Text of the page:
The Real Voronaev Children

April 1, 2011 by  
Filed under Featured, News

voronaevs

Reflection on The (un)Forgotten: Story of the Voronaev Children

The chronology of the history of events in the lives of the Voronaev children is the least to say vague and uncertain. We see only bits and pieces of their experiences. And from what we do know from theses small glimpses, the facts are so disturbing that it is easier to face reality by ignoring it. It’s much more convenient to allow the lives of the Voronaev’s children to get lost in the midst of the politics, procedure and papers (or lack thereof). But, the truth is that “The (un)Forgotten” story is not about the difficulties of anything else but the children. The children are the focus of Dr. Donev’s paper and most definitely should not be forgotten.

Reading the story of the Voronaevs takes a strong heart. It is indeed a sad one that for many of us may seem unfathomable. And yet the sparse historical accounts surrounding their life stories force the reader to confront discomfort. However, the sadist story of all is that when reading this account from the perspective of the children it was not one that I wanted to accomplish. I didn’t want to think about how the children might have felt or what they might have gone through. I refused because it was too painful. It took too much emotional anguish to even think about the pain and trauma that these children went through. Because of my refusal to contemplate the trials these children endured, I was unable to be empathetic. I was powerless to even begin to comprehend what might have gone through the minds of the children who witnessed and experienced events no child should have to. I can’t imagine what it would have been like to be a child with no “home” or much less no country. I was not able to walk a mile in their shoes. I have no idea what it is or would be like to live under Communism or to be the child of a missionary family who had so many struggles, which is putting it lightly only so I can verbalize this unfortunate reality.

When a child is in any manner separated from their parents there becomes a disconnect like no other in which a child begins to experience self-doubt, insecurity and uncertainty. When this bond is ripped apart it leaves behind feelings of anxiety and guilt. Yet when a child first hand experiences a parent being dragged off by Communist police in front of them, this leaves an entirely different scar, one which never heals. It is a scar so deep, filled with enormous traumatic stress which no one could possibly imagine. Not to mention the other dynamics of immigrations and foster care that the Voronaev children endured. These children no doubt were left with feelings of loneliness and rejection in one uncertain situation after the other.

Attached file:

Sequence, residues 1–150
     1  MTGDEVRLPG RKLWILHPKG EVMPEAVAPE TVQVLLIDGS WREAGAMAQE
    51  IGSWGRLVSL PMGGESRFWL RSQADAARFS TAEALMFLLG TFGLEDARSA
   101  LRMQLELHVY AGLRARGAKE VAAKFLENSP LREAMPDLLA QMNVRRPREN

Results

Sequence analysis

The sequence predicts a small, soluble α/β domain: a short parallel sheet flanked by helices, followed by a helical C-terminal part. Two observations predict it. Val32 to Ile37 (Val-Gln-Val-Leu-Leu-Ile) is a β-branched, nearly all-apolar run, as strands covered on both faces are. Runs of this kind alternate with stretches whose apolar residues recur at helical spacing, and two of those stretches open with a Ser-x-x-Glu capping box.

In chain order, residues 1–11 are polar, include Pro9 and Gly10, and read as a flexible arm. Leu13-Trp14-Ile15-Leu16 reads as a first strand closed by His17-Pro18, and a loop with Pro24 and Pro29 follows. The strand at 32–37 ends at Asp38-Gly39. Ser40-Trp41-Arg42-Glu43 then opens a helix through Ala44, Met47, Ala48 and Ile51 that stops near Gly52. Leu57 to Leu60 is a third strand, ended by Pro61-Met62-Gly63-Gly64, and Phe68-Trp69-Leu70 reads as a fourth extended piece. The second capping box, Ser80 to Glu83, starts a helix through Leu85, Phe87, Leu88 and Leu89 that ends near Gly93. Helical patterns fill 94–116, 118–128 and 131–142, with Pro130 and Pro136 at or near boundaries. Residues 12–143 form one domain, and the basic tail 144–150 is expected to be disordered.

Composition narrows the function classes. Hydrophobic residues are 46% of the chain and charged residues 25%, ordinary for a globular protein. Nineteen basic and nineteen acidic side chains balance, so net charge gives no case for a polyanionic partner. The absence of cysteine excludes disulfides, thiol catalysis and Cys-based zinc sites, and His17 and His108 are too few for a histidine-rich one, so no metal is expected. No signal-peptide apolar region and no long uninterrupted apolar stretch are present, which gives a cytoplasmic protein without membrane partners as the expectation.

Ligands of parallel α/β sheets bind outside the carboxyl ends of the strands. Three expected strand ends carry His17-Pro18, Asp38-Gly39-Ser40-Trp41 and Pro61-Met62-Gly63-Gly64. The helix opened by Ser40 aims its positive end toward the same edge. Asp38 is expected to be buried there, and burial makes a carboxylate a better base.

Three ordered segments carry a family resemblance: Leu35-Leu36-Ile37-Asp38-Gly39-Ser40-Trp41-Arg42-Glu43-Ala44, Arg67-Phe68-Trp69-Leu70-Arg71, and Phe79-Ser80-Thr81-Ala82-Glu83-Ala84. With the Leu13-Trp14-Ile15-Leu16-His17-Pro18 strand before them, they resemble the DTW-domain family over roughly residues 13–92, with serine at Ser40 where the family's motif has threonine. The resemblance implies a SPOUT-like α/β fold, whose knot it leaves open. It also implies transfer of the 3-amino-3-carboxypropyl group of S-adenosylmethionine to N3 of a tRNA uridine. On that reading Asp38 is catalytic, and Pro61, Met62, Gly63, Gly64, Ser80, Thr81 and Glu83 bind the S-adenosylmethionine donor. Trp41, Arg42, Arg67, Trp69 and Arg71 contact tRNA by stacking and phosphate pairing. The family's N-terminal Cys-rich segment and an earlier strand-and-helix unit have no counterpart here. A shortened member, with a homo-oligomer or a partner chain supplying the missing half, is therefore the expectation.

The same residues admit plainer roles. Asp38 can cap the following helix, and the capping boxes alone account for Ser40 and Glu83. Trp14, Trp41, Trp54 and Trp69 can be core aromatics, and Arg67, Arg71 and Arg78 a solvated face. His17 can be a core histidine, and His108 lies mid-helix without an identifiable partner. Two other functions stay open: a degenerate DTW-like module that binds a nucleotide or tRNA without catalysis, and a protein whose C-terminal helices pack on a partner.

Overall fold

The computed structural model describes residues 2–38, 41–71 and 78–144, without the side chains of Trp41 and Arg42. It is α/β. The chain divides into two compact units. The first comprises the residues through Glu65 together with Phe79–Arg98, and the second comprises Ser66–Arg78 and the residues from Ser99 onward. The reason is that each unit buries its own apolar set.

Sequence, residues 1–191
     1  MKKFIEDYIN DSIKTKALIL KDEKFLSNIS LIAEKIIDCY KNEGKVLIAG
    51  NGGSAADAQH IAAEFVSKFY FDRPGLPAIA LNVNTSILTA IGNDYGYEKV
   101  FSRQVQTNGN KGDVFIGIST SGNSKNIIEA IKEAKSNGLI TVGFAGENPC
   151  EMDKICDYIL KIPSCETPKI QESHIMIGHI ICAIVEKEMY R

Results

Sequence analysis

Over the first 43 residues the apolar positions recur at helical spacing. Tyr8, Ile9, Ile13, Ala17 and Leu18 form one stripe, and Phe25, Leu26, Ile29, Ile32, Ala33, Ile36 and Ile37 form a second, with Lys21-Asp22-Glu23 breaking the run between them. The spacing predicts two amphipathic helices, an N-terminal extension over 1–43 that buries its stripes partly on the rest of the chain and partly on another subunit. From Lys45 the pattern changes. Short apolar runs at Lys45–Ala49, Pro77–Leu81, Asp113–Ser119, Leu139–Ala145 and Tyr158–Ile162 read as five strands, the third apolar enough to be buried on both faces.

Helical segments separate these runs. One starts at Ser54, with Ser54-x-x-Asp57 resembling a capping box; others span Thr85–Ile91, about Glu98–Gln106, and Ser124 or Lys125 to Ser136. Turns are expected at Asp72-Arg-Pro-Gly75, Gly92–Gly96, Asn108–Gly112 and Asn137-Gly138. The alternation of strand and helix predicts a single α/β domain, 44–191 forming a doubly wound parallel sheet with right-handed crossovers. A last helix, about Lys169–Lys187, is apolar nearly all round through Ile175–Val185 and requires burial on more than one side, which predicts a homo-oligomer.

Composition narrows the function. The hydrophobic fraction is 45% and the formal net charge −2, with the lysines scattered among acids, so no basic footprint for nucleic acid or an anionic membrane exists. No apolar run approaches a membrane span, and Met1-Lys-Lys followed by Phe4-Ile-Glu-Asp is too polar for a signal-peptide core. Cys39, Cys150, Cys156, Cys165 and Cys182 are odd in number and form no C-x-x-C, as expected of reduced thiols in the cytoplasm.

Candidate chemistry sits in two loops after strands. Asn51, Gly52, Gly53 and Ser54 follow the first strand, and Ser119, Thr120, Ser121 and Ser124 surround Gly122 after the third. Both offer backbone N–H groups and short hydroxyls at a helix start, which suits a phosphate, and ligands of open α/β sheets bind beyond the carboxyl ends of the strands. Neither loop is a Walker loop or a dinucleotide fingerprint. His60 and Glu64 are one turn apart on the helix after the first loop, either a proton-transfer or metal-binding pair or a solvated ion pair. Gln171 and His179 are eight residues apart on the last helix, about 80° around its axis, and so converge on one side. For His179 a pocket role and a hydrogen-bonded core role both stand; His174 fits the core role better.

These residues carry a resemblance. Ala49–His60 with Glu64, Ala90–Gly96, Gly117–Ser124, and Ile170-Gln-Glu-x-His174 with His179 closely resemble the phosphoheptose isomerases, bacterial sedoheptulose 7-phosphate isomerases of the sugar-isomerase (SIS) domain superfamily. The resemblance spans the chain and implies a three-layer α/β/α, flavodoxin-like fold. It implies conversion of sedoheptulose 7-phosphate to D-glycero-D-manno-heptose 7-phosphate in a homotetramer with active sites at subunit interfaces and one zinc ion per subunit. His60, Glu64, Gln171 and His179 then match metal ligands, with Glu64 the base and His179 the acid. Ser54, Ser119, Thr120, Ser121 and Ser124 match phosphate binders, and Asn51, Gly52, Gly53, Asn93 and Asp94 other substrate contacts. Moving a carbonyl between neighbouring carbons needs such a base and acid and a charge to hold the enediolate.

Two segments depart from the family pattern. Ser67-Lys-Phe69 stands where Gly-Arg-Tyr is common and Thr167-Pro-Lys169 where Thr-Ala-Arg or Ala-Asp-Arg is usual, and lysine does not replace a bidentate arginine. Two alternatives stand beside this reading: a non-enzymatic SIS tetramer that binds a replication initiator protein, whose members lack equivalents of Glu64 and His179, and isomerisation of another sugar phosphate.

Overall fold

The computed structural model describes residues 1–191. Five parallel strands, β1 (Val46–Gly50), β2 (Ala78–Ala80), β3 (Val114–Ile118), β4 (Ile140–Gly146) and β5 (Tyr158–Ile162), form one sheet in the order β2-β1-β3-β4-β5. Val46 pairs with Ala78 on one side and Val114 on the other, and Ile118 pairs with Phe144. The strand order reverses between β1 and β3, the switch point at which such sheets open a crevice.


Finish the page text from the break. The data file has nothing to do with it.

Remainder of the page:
So when we look back and we read the history of the complications of obtaining visas and the difficult times of providing a place for these children to stay in addition to worrying about the financial means to do so; when we look at the bickering, the perhaps shady details of people’s character and church politics, we must not over look that there where real children suffering in the midst of the chaos. They were not just characters of a story or pawns in a game. They were real even though they were only foreigners and they were only children of poor missionaries. They have stories to tell. They have a voice which must be heard. They most certainly were not listened too while they were alive so let us at least do them the justice of listening to their whispers beyond the grave and hear their pain, hear their trials and hear their plea to leave the politics behind and begin to see the true reality of missions work. Too often in the world of ministry, the children are the ones who suffer the most and it is quite unfortunate that the littlest ones go unheard. We must speak for the least of these among us. We can not remain silent.

Kathryn N. Donev, M.S., LPC/MHSP, NBCC